Since Yahoo's decision to sell the internet business, several attempts have been made to figure out exactly how to carry out the sale. The final decision was to hold a confidential auction, where bidders could determine the pieces they were interested in, and the price they were willing to pay. The auction has been held in several rounds, with bidders dropping out over time. The current round, which ends Monday July 18, is the final, and the board is expected to make a decision shortly after.
The bids are likely to range wildly because of the nature of the auction, but are expected to come in at as much as $6 billion. These bids can include the company's advertising, email, media and search businesses, as well as intellectual property and land holdings. What will not be included is the company's 15 percent stake in Chinese retailer Alibaba, nor their 35.5 percent stake in namesake Yahoo Japan.
The bidder list has shrunk to include Verizon, AT&T, Dan Gilbert, co-founder of Quicken Loans, who is being backed by Berkshire Hathaway, and a handful of private equity firms. While there have been identified issues along the way, none of them have been big enough to see the major bidders drop out. The biggest issue was the recent revelation that Yahoo and Mozilla have an agreement that could put any new owner on the hook for upwards of $1 billion if Mozilla determines that the new owner is damaging to their brand.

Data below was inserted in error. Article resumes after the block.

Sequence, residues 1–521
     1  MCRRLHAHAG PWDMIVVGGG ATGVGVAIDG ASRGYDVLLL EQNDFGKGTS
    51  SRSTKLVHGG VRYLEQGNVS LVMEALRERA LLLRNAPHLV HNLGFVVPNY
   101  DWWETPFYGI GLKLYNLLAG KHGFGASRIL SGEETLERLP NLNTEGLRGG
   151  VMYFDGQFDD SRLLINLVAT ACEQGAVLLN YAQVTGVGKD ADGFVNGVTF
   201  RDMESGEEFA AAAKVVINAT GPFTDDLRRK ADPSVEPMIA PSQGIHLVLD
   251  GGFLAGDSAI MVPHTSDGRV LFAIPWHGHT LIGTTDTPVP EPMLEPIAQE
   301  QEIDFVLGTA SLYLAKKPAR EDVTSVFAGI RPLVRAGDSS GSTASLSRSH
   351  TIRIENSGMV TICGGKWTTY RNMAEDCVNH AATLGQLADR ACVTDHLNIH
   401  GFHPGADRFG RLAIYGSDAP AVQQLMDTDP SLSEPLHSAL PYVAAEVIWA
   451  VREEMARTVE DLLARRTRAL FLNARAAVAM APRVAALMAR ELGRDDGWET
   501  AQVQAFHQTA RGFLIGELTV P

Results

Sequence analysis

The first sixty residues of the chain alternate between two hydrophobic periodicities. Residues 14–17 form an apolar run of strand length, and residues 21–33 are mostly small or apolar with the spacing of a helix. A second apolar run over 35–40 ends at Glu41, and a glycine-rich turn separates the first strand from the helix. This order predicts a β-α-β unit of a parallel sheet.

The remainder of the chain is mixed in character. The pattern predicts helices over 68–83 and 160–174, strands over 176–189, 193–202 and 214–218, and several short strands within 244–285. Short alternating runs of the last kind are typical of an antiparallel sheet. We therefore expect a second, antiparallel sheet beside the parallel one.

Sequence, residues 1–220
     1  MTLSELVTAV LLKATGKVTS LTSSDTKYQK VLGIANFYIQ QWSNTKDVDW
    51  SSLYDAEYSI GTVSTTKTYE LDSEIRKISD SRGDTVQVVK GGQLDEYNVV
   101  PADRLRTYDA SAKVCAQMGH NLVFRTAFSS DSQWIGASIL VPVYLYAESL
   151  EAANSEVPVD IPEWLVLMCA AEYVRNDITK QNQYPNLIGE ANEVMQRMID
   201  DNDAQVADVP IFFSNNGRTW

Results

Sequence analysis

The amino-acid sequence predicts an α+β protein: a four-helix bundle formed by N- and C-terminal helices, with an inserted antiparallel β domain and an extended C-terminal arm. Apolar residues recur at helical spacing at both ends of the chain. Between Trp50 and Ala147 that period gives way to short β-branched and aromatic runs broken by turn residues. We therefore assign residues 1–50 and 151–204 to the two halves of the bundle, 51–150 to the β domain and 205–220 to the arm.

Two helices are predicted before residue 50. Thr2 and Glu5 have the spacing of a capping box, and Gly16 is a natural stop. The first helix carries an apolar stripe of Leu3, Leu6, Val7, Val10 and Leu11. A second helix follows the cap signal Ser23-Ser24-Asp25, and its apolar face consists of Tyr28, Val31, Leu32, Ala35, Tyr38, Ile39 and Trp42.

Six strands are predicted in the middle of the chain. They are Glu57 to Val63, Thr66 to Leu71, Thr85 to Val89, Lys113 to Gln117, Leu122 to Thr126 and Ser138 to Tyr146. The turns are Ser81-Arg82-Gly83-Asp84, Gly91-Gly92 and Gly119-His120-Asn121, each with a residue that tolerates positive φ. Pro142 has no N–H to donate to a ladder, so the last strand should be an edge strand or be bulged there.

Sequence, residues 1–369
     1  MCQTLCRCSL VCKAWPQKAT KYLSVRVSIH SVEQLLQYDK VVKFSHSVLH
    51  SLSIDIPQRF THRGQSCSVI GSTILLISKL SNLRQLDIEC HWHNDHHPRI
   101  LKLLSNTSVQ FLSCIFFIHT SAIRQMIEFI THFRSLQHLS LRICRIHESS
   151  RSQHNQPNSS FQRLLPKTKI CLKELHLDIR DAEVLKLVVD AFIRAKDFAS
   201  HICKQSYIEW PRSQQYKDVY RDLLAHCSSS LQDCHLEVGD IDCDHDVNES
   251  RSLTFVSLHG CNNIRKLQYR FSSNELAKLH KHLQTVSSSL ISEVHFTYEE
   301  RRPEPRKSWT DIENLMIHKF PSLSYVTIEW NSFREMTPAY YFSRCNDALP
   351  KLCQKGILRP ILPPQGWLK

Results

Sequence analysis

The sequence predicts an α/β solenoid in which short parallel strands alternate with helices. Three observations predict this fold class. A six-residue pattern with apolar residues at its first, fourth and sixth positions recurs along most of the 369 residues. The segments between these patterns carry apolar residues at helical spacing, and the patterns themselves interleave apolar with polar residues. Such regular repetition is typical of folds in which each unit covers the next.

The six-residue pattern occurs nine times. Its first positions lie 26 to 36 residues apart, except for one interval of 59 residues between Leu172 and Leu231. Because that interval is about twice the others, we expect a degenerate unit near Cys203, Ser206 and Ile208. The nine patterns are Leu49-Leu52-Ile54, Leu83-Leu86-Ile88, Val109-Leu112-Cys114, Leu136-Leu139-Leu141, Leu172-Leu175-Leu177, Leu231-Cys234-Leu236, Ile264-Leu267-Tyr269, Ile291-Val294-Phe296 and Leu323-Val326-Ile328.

The question that remains for the big 3 bidders is, what are their intentions for the purchase? Verizon's seem clear: they would likely roll Yahoo and recent acquisition AOL into a single business unit to provide media and information services. AT&T's interest in Yahoo is likely to place it in competition with Verizon's AOL unit. Gilbert and Berkshire Hathaway, however, are unknown, but Warren Buffett only gets involved when he sees long-term value, so there must be a plan in there somewhere.
Once the sale is finalized, the remaining task for what's left of the corporation will be to figure out how to derive enough value from their offshore holdings, namely Alibaba and Yahoo Japan, to justify the existence of the company.
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